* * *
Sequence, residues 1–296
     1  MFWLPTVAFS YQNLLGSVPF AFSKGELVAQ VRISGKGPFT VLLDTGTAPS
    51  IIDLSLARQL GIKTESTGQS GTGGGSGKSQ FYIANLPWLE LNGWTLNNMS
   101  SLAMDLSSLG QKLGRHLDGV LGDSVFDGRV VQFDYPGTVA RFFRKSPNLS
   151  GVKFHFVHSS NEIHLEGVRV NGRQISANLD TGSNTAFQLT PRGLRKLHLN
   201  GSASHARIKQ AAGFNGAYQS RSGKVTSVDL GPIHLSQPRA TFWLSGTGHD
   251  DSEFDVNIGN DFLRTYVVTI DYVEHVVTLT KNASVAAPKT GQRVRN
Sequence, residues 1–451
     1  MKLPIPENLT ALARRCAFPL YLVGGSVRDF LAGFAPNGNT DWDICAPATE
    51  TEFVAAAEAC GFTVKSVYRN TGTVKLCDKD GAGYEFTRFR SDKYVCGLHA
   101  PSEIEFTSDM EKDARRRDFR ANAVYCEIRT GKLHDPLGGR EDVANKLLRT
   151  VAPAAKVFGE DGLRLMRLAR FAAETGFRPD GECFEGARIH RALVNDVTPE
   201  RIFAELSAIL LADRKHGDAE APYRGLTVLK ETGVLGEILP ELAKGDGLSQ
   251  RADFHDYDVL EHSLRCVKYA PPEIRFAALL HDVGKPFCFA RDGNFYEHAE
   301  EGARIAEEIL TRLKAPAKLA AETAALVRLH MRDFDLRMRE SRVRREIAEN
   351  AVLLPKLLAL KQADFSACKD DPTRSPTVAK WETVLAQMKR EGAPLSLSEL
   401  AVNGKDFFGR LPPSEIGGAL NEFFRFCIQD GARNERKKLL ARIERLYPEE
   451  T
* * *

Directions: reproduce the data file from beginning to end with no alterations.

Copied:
Sequence, residues 1–296
     1  MFWLPTVAFS YQNLLGSVPF AFSKGELVAQ VRISGKGPFT VLLDTGTAPS
    51  IIDLSLARQL GIKTESTGQS GTGGGSGKSQ FYIANLPWLE LNGWTLNNMS
   101  SLAMDLSSLG QKLGRHLDGV LGDSVFDGRV VQFDYPGTVA RFFRKSPNLS
   151  GVKFHFVHSS NEIHLEGVRV NGRQISANLD TGSNTAFQLT PRGLRKLHLN
   201  GSASHARIKQ AAGFNGAYQS RSGKVTSVDL GPIHLSQPRA TFWLSGTGHD
   251  DSEFDVNIGN DFLRTYVVTI DYVEHVVTLT KNASVAAPKT GQRVRN
Sequence, residues 1–451
     1  MKLPIPENLT ALARRCAFPL YLVGGSVRDF LAGFAPNGNT DWDICAPATE
    51  TEFVAAAEAC GFTVKSVYRN TGTVKLCDKD GAGYEFTRFR SDKYVCGLHA
   101  PSEIEFTSDM EKDARRRDFR ANAVYCEIRT GKLHDPLGGR EDVANKLLRT
   151  VAPAAKVFGE DGLRLMRLAR FAAETGFRPD GECFEGARIH RALVNDVTPE
   201  RIFAELSAIL LADRKHGDAE APYRGLTVLK ETGVLGEILP ELAKGDGLSQ
   251  RADFHDYDVL EHSLRCVKYA PPEIRFAALL HDVGKPFCFA RDGNFYEHAE
   301  EGARIAEEIL TRLKAPAKLA AETAALVRLH MRDFDLRMRE SRVRREIAEN
   351  AVLLPKLLAL KQADFSACKD DPTRSPTVAK WETVLAQMKR EGAPLSLSEL
   401  AVNGKDFFGR LPPSEIGGAL NEFFRFCIQD GARNERKKLL ARIERLYPEE
   451  T